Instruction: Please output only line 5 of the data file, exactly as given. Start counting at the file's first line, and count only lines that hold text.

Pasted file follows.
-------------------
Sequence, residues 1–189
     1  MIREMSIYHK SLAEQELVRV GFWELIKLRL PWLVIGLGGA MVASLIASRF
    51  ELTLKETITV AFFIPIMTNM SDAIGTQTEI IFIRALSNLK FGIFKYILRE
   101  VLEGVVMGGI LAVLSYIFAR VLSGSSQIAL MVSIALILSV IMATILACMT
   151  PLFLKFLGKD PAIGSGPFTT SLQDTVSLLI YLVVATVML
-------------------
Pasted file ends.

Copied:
   151  PLFLKFLGKD PAIGSGPFTT SLQDTVSLLI YLVVATVML